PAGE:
Simple: Because I’m not a scientist. What business do I have trying to analyze the complex data about if the earth’s climate is changing and if human beings are causing it? My education and professional expertise are in politics and culture. We need to get over the pundit-culture mentality that everyone needs to be an expert in everything. Just pick a few subjects that you’re good at and focus on those instead of trying to become a general expert on everything.
Further, there’s always this blogging rule I laid down last fall when one of my friends thought I should care what she thought of Ayn Rand when she had not even bothered to read The Fountainhead: Do Not Blog About Something If You Haven’t Adequately Studied It. Why is This a Hard Concept?
And I’m not anywhere near close to having studied the issue enough to argue a position with any degree of confidence. So I’ll just defer to my science-minded friends like Swemson who has a challenging piece at American Thinker:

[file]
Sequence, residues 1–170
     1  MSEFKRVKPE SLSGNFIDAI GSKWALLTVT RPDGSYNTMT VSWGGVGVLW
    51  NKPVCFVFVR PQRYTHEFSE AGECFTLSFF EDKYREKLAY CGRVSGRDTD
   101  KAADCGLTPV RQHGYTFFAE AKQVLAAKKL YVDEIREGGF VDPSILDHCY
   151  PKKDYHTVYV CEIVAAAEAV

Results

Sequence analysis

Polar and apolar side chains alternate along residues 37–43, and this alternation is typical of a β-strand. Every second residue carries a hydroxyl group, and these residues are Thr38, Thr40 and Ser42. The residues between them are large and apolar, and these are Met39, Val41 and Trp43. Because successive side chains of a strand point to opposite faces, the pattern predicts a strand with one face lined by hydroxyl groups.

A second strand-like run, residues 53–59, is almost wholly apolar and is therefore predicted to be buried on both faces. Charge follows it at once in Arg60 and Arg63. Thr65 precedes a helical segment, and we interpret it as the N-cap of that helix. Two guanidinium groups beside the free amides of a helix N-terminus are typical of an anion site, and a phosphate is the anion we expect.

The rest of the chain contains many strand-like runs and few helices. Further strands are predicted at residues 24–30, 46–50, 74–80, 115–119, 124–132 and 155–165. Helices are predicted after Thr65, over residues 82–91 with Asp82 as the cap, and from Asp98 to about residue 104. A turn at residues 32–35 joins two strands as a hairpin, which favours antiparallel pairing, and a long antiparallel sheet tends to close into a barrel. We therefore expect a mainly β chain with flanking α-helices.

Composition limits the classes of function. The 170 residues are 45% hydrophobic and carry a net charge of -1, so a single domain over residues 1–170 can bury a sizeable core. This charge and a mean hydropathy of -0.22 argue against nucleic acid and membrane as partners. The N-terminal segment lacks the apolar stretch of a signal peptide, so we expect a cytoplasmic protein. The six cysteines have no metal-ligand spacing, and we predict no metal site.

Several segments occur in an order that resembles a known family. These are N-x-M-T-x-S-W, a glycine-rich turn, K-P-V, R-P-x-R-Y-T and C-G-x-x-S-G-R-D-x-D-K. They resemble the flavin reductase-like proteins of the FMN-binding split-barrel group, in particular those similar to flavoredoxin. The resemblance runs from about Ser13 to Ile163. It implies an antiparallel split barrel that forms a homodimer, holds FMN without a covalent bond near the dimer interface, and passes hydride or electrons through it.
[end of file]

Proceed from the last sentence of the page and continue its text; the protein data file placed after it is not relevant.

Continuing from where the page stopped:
The Roman civilization arose when the earth was much warmer than it’s been recently. And it’s no coincidence that just as the earth was entering the 400-year-long “Little Ice Age,” the Roman Empire was overrun by the Huns. The Egyptians also built the pyramids when it was much warmer than today, and the beginning of the industrial revolution coincided with the end of the Little Ice Age. If global warming is such a problem, doesn’t it seem odd that mankind has always flourished during the earth’s warmest periods?
And if increases in atmospheric CO2 are the primary cause of warming, why, from the 1940’s through the mid 1970’s, was the earth cooling when increases in our use of fossil fuels were at their greatest?